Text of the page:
Demons of Winter Solstice

Today is the winter solstice: the shortest day, and the longest night. During this time of year, where night stretches on and the cold deepens, there are some demons who grow restless and bold.

"Since prehistory, the winter solstice has been seen as a significant time of year in many cultures, and has been marked by festivals and rituals. It marked the symbolic death and rebirth of the Sun."
Today is the winter solstice: the shortest day, and the longest night. During this time of year, where night stretches on and the cold deepens, there are some demons who grow restless and bold. As you stoke your hearth to guard against the long, cold night, watch for these demons and the signs of their activities.

In the far north, there was an ancient war between humans and the original gods of the forest. As the age of humankind waned, the power of the god waxed. In a desperate bid to protect themselves, they used wild, untested magic to transform humans into wicked creatures of ice and death. These cruel demons broke free of the control of their creators and became a threat to all living things. Any who died in their presence were raised as wights and added to a growing army of undead slaves. Eventually the humans and forest gods banded together and trapped the demons behind an unbreakable wall of ice. Over time they disappeared, but some say they still wander the frozen north and will return one day to threaten the living. Beware the White Walkers.

Under the ground where there is no light, impish demons toil. They are covered in black hair, with hooves like goats, and long tails – otherwise they resemble small, repulsive humans. When they are not eating worms or insulting each other, they are constantly hacking and sawing at the roots of the world tree. If they ever completed their task, the world as we know it would come to an end. But they are stupid, and love mischief more than they hate the world. On Christmas, when the sun hides away and seems to stop, these demons are compelled to come to the surface and cause trouble. If they manage to enter your home, they will steal your liquor, destroy your possessions, and worse. But they are stupid, and easily guarded against: keeping a fire in your hearth will prevent them from entering through your chimney; burning incense will confound their sense of smell; and leaving a colander on your doorstep will distract them as they try to count the holes. By the time the sun returns and the days lengthen, they will retreat underground and discover that the world tree has completely healed itself in their absence. They may be dumb, but they are foul little demons, so while the nights are long beware the Kallikantzaroi.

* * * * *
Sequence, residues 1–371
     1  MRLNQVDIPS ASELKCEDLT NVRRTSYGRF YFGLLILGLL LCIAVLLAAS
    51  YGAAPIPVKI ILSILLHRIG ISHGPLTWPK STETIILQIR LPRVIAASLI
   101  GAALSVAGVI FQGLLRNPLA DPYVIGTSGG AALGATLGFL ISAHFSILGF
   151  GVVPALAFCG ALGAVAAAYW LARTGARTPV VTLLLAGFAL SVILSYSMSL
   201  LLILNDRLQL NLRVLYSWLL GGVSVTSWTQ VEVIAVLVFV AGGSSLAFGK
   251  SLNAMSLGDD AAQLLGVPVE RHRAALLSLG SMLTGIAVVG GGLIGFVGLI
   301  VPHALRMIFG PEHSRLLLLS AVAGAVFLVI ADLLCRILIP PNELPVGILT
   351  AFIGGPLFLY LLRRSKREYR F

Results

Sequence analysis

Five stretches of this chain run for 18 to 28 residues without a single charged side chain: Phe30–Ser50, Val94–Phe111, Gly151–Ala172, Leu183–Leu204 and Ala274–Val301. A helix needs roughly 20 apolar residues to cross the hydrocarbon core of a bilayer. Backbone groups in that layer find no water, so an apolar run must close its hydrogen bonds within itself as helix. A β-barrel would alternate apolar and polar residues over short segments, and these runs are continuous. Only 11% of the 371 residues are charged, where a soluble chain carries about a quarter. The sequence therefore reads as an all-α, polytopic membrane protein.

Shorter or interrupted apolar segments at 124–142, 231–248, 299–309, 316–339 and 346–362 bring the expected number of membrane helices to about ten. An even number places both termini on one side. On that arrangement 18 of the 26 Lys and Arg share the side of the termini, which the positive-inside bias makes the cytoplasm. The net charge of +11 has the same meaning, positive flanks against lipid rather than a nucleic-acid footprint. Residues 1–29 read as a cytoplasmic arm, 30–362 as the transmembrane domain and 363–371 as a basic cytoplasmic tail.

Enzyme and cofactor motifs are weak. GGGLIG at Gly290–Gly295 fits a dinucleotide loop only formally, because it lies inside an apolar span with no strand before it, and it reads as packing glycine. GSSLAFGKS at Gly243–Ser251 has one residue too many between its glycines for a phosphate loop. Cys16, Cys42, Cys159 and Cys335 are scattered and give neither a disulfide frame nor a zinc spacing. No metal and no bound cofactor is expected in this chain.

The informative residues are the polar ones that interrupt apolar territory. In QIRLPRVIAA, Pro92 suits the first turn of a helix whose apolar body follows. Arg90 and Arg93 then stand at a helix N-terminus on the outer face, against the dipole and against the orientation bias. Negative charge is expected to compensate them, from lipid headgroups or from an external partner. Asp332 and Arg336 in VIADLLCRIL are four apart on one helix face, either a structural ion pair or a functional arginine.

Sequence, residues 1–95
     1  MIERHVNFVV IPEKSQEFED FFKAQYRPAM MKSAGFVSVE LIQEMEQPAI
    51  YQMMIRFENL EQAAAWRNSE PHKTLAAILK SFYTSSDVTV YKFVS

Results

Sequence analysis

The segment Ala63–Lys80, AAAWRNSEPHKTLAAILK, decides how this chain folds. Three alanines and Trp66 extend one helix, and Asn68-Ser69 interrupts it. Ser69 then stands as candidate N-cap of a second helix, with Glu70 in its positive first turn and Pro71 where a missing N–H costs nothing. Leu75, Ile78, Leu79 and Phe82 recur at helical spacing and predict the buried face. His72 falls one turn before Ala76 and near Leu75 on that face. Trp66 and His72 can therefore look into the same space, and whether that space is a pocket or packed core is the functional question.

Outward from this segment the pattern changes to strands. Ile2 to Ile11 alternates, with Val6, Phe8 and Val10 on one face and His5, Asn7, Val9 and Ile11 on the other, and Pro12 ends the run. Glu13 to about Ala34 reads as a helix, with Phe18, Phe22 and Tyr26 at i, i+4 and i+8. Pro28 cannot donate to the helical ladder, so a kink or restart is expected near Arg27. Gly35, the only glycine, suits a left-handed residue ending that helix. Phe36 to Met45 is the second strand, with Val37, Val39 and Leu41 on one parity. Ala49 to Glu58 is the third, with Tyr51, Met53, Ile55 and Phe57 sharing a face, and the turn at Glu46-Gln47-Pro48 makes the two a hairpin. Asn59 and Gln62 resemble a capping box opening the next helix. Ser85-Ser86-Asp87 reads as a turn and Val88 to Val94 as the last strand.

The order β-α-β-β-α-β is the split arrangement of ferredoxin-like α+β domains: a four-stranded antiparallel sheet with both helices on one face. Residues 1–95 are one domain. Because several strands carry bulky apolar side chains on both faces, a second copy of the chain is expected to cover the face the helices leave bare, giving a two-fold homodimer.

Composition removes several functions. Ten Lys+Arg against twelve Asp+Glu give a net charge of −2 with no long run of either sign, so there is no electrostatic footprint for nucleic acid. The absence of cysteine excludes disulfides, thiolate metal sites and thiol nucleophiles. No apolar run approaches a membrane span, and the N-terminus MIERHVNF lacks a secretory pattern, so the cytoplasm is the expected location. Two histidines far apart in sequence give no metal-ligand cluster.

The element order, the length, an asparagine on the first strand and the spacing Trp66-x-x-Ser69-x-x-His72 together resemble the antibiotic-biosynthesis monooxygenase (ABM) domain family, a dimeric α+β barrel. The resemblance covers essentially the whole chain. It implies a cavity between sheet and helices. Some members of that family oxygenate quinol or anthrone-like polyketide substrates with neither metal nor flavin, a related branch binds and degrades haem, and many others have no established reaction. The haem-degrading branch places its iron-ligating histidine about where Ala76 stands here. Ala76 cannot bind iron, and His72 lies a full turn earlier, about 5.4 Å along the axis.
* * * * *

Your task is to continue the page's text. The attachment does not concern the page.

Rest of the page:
We are all familiar with the jolly saint who flies through the sky on Christmas Eve as if on a Wild Hunt, but there is another demon who often accompanies him to the houses of children around the world. This demon stands tall, with the legs and horns of a goat. His tongue is long, like a whip which slides out from between his fangs. He is wrapped with chains and carries an empty sack on his back. When he finds a child who has misbehaved he may whip them with his chains. When he finds a child of evil, he deposits them in the sack and carries them back to the underworld. Some say this demon originated in the underworld as the offspring of its ruler Hel. Although this demon is terrifying, children who behave have no need to fear. If you suspect your children may be targetted, he is supposedly a fan of schnapps. To those children who are pure evil: beware Krampus.

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